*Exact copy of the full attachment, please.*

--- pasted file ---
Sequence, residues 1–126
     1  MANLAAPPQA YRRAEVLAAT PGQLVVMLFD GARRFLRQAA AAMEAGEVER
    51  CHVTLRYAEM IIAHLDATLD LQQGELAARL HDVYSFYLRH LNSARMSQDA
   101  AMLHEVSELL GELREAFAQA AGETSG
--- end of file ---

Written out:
Sequence, residues 1–126
     1  MANLAAPPQA YRRAEVLAAT PGQLVVMLFD GARRFLRQAA AAMEAGEVER
    51  CHVTLRYAEM IIAHLDATLD LQQGELAARL HDVYSFYLRH LNSARMSQDA
   101  AMLHEVSELL GELREAFAQA AGETSG